Two Dallas Police Officers Facing Criminal Investigations After Dallas Civil Trial Judge Rules Their Sworn Testimony in 2011 Criminal Case Is “Perjurious”
Judge Carl Ginsberg presides over the 193rd Judicial District Court of Dallas County, Texas, and has been a Texas trial court judge since January 2007, so he’s not new to the ball game, and when he issued his opinion regarding the Melvin Williams criminal case earlier this month, Judge Ginsberg must have been well aware of the ramifications of his ruling. Interestingly, there’s not that much media coverage of what Judge Ginsberg has done, just one story in the Dallas Morning News.
Good for the Dallas News, of course, but it’s something that Texas citizens (particularly those in the Dallas – Fort Worth Metroplex) should hear about, so we’re sharing Judge Ginsberg’s ruling here today.
What Has Texas Judge Ginsberg Done?
The case came before the 193rd District Court as a civil forfeiture case, where the State of Texas was seeking to keep cash that had been taken during a criminal arrest. After hearing the case, including evidence presented as exhibits and as testimony from witnesses, Judge Ginsberg has ruled from the bench that two law enforcement officers of the Dallas Police Department lied – and not just once – under oath in testimony they gave concerning a December 2011 arrest of criminal defendant Melvin Williams. Judge Ginsberg calls their testimony “largely perjurious.”
Largely perjurious? Perjury is a crime for giving false testimony under oath. If perjury is “aggravated,” then it’s a 3rd degree felony charge. Texas law (Texas Penal Code 37.03) defines “aggravated perjury” as: (1) made during or in connection with an official proceeding; and (2) is material.
What Did the Two Dallas Police Officers Do?
It’s too soon to report whether or not the two police officers are facing felony charges because the case is still in the investigatory stages; however, Judge Ginsberg has been pretty clear about his perception of things. He’s heard evidence and issued his opinion.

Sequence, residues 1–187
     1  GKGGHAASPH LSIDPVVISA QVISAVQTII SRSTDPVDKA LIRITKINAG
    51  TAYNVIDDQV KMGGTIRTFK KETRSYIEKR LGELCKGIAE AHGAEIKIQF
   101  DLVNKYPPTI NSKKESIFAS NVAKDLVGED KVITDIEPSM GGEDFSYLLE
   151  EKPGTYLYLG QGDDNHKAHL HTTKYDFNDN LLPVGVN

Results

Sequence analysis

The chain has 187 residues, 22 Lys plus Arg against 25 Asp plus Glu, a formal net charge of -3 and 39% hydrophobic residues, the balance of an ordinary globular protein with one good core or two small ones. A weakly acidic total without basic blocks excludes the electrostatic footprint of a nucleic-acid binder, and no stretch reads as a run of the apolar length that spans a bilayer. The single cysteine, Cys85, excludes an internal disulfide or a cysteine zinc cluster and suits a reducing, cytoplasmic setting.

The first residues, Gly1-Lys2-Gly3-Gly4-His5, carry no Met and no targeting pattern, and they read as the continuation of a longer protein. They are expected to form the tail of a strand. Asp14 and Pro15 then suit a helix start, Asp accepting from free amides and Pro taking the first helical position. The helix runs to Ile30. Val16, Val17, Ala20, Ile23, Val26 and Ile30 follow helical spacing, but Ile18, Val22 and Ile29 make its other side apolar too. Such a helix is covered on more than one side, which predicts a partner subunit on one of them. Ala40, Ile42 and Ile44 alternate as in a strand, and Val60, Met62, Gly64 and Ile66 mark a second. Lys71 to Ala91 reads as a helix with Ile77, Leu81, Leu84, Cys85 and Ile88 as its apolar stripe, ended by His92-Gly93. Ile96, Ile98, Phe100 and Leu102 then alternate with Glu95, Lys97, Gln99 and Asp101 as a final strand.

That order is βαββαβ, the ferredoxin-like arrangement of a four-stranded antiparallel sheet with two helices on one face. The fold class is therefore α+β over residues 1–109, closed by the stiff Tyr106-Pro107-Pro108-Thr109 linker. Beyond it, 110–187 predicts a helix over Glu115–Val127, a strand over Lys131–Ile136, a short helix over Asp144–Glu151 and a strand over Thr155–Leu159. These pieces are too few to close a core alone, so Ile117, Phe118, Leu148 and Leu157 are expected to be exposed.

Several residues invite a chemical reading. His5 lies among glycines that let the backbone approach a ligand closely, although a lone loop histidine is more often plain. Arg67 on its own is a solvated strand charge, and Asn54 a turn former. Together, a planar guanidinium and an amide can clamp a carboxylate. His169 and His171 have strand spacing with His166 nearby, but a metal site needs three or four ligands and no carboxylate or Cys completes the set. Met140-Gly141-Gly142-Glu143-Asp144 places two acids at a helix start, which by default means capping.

Judge Ginsberg found that Dallas Police Officers Jon Llewellyn and Randolph Dillon (1) first had no probable cause to detain the defendant Mr. Williams; (2) the two police officers lied about where they found some of the drugs made the basis of charges against Mr. Williams; and (3) they lied about where they found money used as the basis of charges against Mr. Williams. The Court ruled that this resulted in violation of Mr. Williams’ constitutional rights.
What Happens Now?
Surprising to no one, the ruling of Judge Ginsberg has gone up on appeal. What happens next to the Dallas Police Officers will be dealt with in the investigation of their statements and in cases brought based upon that investigation. It will not be immediate arrest of the two officers based upon Judge Ginsberg’s ruling. Also, since the Ginsberg opinion resulted from a civil matter, it does not impede or halt the criminal proceedings against Melvin Williams – but one can assume that Mr. Williams’ defense will take note of this civil judge’s review with its constitutional implications.
The full impact of Judge Ginsberg’s opinion has yet to be seen.
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